Joseph and Fuerst presented these proposals to Ralph, Moeng, and Marvin Chapman, the Company's lawyer, on January 4, 1976. Either Ralph or Chapman rejected the first two proposals, but Ralph agreed to ask Continental Bank for an additional one million dollars to buy Joseph's shares along with Everett's. Ralph said, however, that he thought that Joseph's request would "kill the deal" and that, as far as Ralph was concerned, Joseph was "out" of Hyman-Michaels no matter what Continental Bank said. After this meeting, Ralph and Chapman went to Everett's house to report what had happened; Everett agreed that the Company should buy out Joseph. When Chapman related Joseph's desire not to be kicked out of the Company and lose his job, Everett responded, "I don't give a damn."
On January 5, 1976, Ralph and Moeng went to Continental Bank and requested the additional financing to buy Joseph's stock. Later that day, Simons told Ralph that the bank would not loan Hyman-Michaels either the three million dollars originally requested or the four million dollars unless the loan were secured with Ralph's personal guarantee. Moments later, Joseph was summoned to Moeng's office, where Ralph told him, "Joe, you're out. The bank has said no." Ralph reiterated that Joseph was relieved of all duties at Hyman-Michaels.
Joseph also claims that Ralph and Everett never told him that they had decided to retain a professional financial firm to locate a purchaser for the Company. On January 5, 1976, Charles Aaron met briefly with James Gorter of the investment firm of Goldman, Sachs & Co. ("Goldman, Sachs"). Aaron told Gorter only that he represented a company that might be interested in seeking a buyer. On January 24, 1976, Ralph told Littlejohn that Hyman-Michaels was considering retaining Goldman, Sachs. As it turned out, the Company never retained Goldman, Sachs or any other investment firm.
The third alleged misrepresentation concerns Ralph's contact with Angus Littlejohn in London on the 23rd and 24th of January. Prior to his departure for Europe, Ralph told Joseph that he (Ralph) would try to reactivate interest in a purchase of Hyman-Michaels and promised to report any such interest to Joseph. On January 23, 1976, Ralph telephoned Angus Littlejohn and told him that Hyman-Michaels was no longer negotiating with Commercial Metals. Ralph asked Littlejohn if ICM and John Samuels were still interested in buying Hyman-Michaels. At Littlejohn's request, Ralph agreed to stay in London an extra day and meet Littlejohn for lunch.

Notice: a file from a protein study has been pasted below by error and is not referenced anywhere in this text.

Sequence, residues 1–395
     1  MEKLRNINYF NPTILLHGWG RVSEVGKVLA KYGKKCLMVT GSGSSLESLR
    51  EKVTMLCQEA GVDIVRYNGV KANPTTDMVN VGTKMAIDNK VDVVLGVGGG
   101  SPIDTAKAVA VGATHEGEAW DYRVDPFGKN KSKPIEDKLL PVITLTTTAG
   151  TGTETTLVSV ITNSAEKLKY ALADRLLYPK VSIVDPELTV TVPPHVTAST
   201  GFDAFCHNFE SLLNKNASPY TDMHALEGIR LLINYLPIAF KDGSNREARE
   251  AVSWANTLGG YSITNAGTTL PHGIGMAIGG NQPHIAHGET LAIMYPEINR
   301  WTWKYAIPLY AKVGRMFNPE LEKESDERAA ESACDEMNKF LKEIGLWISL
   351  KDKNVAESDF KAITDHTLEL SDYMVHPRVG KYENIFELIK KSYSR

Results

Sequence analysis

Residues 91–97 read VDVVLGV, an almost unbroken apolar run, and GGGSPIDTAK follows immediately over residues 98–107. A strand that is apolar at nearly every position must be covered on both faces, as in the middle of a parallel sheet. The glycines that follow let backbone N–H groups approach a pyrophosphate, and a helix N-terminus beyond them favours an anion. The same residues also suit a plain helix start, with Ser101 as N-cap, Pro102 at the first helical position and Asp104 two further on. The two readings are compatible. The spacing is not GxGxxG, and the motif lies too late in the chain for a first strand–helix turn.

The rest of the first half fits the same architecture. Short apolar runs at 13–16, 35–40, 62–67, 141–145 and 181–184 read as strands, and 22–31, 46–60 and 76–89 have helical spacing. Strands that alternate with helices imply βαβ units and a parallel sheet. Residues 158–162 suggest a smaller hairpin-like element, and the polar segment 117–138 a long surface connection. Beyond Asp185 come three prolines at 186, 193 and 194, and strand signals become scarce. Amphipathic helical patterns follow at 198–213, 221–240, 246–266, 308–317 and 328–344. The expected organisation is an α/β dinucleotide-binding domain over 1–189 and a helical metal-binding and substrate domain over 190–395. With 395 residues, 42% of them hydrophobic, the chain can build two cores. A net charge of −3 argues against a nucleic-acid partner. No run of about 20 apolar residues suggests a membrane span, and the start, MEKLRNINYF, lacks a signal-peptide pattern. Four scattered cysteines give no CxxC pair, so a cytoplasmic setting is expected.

After his telephone conversation with Ralph, Littlejohn sent the following telex to John Samuels in New York:
RALPH MICHAELS OF HYMAN MICHAELS COMPANY CHICAGO, WHOM I AM SEEING TOMORROW, JUST TOLD ME THAT THE PROPOSED SALE OF THEIR COMPANY COLLAPSED [sic] RECENTLY AT THE VERY LAST MINUTE.
I PRESUME THAT WE [ICM] WOULD NOT BE INTERESTED AT THIS STAGE BUT WOULD APPRECIATE YOUR OPINION AS TO WHETHER IT MIGHT APPEAL TO DAVID.
IF THIS IS TO BE PURSUED PLEASE GIVE ME TIME TO FIRST ESTABLISH A POSITION AS BROKER WITH RALPH.
"David" referred to David Lloyd-Jacob, the executive director of Consolidated Gold Fields in North America ("Consolidated") and the president of Azcon Corporation ("Azcon"), who had toured Hyman-Michaels Hegewisch yard with Ralph in 1974. By telex dated January 24, 1976, but not received by Littlejohn until January 26, 1976, Samuels responded, stating that Lloyd-Jacob "would ...